Friday, July 18, 2008

Is anyone looking for extraterrestrial life?

Despite the fact that alien life forms have never been discovered, the search for extraterrestrial intelligence (or SETI, as it is called) remains a popular pursuit. Astronomers (scientists specializing in the study of matter in outer space) believe that if life does exist on other planets, we now possess the technological capability of finding it and perhaps even communicating with it.
Most modern SETI missions use radio telescopes—instruments consisting of a large concave dish with an antenna at the center, tuned to a certain wavelength, that receive and process radio waves. The radio telescopes, tuned to nearby stars, listen for signals that may have been sent by alien civilizations.
The first large-scale SETI experiment, called Project Ozma, was begun by astronomer Frank Drake (1930-) in 1960. Drake conducted Project Ozma at the National Radio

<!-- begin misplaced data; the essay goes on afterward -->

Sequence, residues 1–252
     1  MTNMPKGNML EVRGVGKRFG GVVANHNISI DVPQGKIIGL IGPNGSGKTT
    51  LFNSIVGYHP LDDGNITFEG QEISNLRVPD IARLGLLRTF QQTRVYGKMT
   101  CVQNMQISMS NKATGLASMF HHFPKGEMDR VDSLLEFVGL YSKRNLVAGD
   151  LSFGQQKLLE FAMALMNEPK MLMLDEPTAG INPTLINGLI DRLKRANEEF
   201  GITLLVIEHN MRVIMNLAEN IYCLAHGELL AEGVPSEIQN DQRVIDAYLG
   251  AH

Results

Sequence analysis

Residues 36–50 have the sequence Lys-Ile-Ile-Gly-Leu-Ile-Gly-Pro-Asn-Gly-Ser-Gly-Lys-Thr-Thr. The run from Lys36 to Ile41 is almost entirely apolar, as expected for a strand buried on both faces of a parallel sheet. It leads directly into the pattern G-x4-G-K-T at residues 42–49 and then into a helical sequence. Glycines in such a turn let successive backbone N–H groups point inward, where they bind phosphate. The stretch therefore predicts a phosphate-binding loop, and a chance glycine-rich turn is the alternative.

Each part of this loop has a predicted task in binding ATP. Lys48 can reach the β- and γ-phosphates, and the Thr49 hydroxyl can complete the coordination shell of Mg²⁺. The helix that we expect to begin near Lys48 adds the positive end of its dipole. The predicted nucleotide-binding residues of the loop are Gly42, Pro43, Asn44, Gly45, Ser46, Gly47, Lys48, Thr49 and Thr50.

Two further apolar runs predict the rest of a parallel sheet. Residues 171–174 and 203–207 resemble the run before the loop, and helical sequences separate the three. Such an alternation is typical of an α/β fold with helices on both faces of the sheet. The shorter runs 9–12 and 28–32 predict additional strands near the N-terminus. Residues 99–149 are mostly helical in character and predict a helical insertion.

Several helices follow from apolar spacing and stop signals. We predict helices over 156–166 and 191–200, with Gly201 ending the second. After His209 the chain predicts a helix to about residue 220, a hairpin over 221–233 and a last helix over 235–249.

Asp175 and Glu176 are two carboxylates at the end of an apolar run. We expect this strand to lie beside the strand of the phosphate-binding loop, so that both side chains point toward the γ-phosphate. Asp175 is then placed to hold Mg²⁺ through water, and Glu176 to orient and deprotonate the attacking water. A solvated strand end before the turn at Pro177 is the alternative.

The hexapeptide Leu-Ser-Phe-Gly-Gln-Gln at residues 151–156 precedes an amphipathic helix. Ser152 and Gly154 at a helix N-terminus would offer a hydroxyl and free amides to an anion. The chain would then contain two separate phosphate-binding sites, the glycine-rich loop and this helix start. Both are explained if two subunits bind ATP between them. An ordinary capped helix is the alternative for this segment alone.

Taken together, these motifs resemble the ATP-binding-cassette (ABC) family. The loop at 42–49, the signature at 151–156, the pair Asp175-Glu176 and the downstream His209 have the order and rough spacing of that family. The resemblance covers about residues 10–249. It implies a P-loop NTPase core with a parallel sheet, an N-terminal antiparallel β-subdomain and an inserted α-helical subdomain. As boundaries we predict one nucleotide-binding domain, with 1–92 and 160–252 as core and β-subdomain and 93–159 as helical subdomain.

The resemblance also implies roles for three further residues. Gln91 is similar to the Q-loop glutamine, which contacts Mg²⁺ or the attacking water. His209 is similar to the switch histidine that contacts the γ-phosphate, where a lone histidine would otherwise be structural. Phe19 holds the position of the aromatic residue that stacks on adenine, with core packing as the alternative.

Astronomy Observatory at Green Bank, West Virginia. The object of the experiment was to search for signs of life in distant solar systems through intergalactic radio waves.

Unidentified flying object (UFO) expert J. Allen Hynek (1910-1986) developed the following scale to describe encounters with extraterrestrial beings or vessels:
Close Encounter of the First Kind— sighting of a UFO at close range with no other physical evidence.
Close Encounter of the Second Kind—sighting of a UFO at close range, but with some kind of proof, such as a photograph, or an artifact from a UFO.
Close Encounter of the Third Kind— sighting of an actual extraterrestrial being.
Close Encounter of the Fourth Kind— abduction by an extraterrestrial spacecraft.